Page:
April 8, 2009

History of an Apron

Now listed for sale at Emee!

A friend of mine, Joann, sent me this little Apron story in an email a while back. I thought I'd post it here since I'm adding aprons to mom's emee shop this week. I think it's a great little bit of history and really kind of sweet to know all the different uses of an apron!





The History of APRONS

I don't think our kids know what an apron is !

The principal use of Grandma's apron was to protect the dress underneath, because she only had a few, it was easier to wash aprons than dresses and they used less material, but along with that, it served as a potholder for removing hot pans from the oven.

It was wonderful for drying children's tears, and on occasion was even used for cleaning out dirty ears.

From the chicken coop, the apron was used for carrying eggs, fussy chicks, and sometimes half-hatched eggs to be finished in the warming oven.

When company came, those aprons were ideal hiding places for shy kids.

And when the weather was cold, grandma wrapped it around her arms.

Those big old aprons wiped many a perspiring brow, bent over the hot wood stove.

Chips and kindling wood were brought into the kitchen in that apron.

From the garden, it carried all sorts of vegetables.

After the peas had been shelled, it carried out the hulls.

In the fall, the apron was used to bring in apples that had fallen from the trees.

When unexpected company drove up the road, it was surprising how much furniture that old apron could dust in a matter of seconds.

When dinner was ready, Grandma walked out onto the porch, waved her apron, and the men knew it was time to come in from the fields to dinner.

It will be a long time before someone invents something that will replace that 'old-time apron' that served so many purposes.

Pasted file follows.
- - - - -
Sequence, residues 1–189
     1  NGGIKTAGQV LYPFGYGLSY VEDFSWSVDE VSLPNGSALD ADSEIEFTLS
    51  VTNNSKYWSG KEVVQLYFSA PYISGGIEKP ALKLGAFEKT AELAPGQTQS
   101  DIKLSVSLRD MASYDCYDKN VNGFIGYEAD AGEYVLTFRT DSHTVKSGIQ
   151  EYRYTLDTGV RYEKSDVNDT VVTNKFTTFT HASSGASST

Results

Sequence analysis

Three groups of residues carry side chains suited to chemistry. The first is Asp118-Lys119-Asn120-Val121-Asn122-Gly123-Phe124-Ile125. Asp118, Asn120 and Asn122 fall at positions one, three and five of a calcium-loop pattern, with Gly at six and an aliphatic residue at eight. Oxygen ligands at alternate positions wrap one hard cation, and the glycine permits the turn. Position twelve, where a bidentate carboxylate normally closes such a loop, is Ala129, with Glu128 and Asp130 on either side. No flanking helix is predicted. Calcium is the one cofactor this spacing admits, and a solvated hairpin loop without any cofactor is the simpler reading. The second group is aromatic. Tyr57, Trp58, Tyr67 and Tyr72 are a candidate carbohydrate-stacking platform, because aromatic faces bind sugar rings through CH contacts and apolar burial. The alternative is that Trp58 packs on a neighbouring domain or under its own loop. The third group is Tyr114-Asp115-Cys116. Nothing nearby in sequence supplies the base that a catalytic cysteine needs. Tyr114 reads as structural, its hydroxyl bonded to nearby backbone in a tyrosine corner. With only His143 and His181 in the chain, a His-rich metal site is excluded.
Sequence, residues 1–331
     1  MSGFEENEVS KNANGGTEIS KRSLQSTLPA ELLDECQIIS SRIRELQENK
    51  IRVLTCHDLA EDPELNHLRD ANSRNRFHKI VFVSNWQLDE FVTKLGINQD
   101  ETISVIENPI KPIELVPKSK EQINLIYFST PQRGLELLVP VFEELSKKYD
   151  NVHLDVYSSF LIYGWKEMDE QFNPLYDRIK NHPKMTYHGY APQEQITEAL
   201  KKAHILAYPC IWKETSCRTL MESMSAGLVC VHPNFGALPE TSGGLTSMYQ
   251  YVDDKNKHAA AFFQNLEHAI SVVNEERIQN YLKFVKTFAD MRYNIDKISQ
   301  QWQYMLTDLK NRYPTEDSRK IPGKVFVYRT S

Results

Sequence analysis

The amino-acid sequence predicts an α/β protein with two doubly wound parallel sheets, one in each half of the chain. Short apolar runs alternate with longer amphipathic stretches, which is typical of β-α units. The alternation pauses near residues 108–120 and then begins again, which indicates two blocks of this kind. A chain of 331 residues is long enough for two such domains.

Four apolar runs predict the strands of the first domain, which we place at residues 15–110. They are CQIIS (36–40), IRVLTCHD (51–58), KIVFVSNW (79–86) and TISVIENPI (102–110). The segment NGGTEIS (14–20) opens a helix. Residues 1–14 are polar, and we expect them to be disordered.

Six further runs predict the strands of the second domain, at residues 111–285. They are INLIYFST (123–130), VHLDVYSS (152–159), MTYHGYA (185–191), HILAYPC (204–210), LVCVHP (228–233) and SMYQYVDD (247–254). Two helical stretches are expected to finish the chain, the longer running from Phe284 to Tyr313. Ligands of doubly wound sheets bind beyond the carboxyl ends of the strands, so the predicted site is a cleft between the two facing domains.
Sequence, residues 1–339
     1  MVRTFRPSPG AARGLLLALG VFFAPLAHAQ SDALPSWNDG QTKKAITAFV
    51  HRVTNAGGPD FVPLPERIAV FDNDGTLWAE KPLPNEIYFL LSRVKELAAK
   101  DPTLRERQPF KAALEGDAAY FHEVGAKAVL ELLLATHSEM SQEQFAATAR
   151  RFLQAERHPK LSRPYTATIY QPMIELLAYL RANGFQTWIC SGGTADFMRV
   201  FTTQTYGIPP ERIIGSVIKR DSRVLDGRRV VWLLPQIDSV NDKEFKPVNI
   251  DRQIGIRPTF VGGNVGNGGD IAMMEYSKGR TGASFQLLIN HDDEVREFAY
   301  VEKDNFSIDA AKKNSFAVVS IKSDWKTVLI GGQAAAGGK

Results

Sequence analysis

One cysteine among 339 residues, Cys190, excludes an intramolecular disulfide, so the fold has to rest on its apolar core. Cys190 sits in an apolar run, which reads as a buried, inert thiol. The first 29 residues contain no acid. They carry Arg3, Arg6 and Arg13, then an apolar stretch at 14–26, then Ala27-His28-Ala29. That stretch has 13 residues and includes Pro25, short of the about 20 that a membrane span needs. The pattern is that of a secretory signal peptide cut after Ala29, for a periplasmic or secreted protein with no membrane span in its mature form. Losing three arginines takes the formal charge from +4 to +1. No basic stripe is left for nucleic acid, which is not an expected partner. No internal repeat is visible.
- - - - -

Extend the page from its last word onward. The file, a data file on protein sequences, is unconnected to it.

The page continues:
This is a good history lesson for those that have no idea how the apron played a part in our lives.


Grandma used to set her hot baked apple pies on the window sill to cool. Her granddaughters set theirs on the window sill to thaw.

7 comments:

  1. Great story and all true! I have several large linen aprons for my 18th c. reenacting gig and they are excellent dishtowels too. I especially like the bit about the apple pies!

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  2. My Gramma always had on an apron at home. The only time she didn't have on an apron was when she walked up to the post office or went to church. I have very fond memories of Gramma's many handmade aprons, sewn from fabric left over from the sewing she did for others. When the scraps weren't big enough she made aprons for us girls, and even for our dolls and stuffed animals.

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  3. My grandmother's hands were never idle. She tatted and crocheted, she even smocked. One Christmas, my mother and I received matching smocked gingham-checked aprons. Unfortunately mine was about 3 sizes too small. I was her youngest granddaughter and she must have imagined me always small. Thanks for the trip down memory lane.

    Emanda

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  4. You make me want an apron! Great post, have to show this to my mom!

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  5. Aww yes nice post! My Grandmother from Norway always had long aprons, starched and pressed. They are like a womans best friend!

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  6. I love aprons and it is so unfortunate that they are not worn today...other than for a BBQ! I gave aprons to my sisters for Christmas this year because they were new Grandmothers...thought they might rekindle the uses from long ago. The history is so great...neat post.

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  7. Oh - I remember sending this to you! I forgot all about it, and it was nice to re-read it again. I love wearing my apron that I bought from your mom and I also have other favorites that were gifts. They all have their special purpose when I wear them.

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